British justice gives the green light to the first deportation of immigrants to Rwanda | International
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A small victory for the Government of Boris Johnson and the new immigration policy designed after Brexit, but the legal battle is far from over. Judge Jonathan Swift, of the High Court of Justice of England, has denied the suspension of the deportation to Rwanda requested by four of the immigrants in an irregular situation selected by the Ministry of the Interior to be part of the first deportation. About 30 people will leave the United Kingdom for that African country on Tuesday. Both the place where the plane will take off and the name of the airline are kept secret.
Minister Priti Patel, one of the conservative politicians with a harsher discourse against immigration, closed last April with the Government of Rwanda, the East African country that experienced the genocidal massacre of the Tutsi minority at the hands of Hutu power in 1994 , a collaboration agreement. In exchange for aid worth more than 144 million euros, the British authorities will be able to send back to that country a large part of the illegal immigrants intercepted each year in the English Channel. They will be above all adult men, who mostly make up what Downing Street calls “economic migrants”: people who, according to this classification, are not really being persecuted for political, religious or any other reason, but rather aspire to greater opportunities vital.
Judge Swift has prioritized in his decision the “material public interest” behind the immigration policy of the Johnson Government, although he gives way to an appeal, which will probably be heard urgently on Monday, 24 hours after first flight. “People will continue to try to prevent their relocation through legal maneuvers and last minute claims, but they will not stop us in our efforts to end the illegal trafficking of people and, ultimately, save lives”, said Patel celebrating sentence. The magistrate, however, has already made it clear that the matter will end up in the hands of the Supreme Court, which must decide on the constitutionality of the new policy in the next six weeks.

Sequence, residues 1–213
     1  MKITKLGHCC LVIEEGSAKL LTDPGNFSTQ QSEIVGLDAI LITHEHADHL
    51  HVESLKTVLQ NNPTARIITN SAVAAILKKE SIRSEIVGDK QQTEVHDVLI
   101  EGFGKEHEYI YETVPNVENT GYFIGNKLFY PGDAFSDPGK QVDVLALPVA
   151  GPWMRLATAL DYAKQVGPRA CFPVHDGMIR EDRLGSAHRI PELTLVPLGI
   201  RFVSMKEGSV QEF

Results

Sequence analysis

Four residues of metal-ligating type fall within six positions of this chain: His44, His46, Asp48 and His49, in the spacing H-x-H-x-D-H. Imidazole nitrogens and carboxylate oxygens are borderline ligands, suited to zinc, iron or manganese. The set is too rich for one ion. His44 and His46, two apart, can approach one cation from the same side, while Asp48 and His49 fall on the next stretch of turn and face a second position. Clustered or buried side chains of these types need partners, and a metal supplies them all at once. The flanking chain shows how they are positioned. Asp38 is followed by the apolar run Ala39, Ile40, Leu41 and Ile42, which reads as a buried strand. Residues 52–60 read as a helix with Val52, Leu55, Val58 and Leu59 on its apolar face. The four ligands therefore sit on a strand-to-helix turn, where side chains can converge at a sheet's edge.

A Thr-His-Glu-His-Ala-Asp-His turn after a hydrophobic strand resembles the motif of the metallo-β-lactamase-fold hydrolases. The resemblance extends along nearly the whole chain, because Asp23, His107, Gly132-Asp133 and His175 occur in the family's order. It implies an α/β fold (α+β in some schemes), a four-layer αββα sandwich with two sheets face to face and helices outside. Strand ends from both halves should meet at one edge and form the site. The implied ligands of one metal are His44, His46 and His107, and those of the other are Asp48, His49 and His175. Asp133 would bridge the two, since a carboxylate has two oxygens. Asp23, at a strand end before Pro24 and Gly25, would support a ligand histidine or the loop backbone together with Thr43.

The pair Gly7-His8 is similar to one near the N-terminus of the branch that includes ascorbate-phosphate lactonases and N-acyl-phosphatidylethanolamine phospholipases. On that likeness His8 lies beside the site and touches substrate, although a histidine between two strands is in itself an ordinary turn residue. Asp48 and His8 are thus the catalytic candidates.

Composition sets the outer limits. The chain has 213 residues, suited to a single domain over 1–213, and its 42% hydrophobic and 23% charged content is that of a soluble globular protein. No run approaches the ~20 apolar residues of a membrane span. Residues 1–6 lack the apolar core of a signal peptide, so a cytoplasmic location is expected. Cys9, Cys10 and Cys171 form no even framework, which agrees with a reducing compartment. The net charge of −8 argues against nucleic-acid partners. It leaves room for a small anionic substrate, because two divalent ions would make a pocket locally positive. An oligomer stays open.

Humanitarian organizations that have backed the immigrants in their legal challenge have expressed disappointment with the ruling. “We have already had to act to prevent the deportation to Rwanda of young people who had been falsely claimed to be of age,” said Enver Solomon, the executive director of the Refugee Council. “The Government must reflect on the initial failures of its plan, and rethink everything, to establish a humane, orderly and fair asylum system,” added Solomon.
Lawyers representing the United Nations Refugee Agency, with whom Patel’s team met on at least two occasions, have denied before the judge that this body, which oversees international immigration law, had given their approval of the new policy. “In those two meetings, the agency put serious objections on the table regarding the reception capacity of the facilities. [de Ruanda] and regarding the risk of sending people to that country who could suffer persecution”, said lawyer Laura Dubinsky.
The legal arguments presented to the judge to stay the deportation questioned Patel’s own right to make that decision; the rationality of his claim that Rwanda is a “safe third country”; preventive measures applied to immigrants to prevent the spread of malaria; and, above all, the adaptation of the new policy to the European Convention on Human Rights.
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Johnson celebrated the court’s decision with a tweet: “We cannot allow traffickers to continue putting lives in danger. Our international collaboration, which is pioneering, will allow us to put an end to the business model of these unscrupulous criminals”.
Welcome news from the High Court today.
We cannot allow people traffickers to put lives at risk and our world leading partnership will help break the business model of these ruthless criminals. https://t.co/Xus4ADmNIP
— Boris Johnson (@BorisJohnson) June 10, 2022
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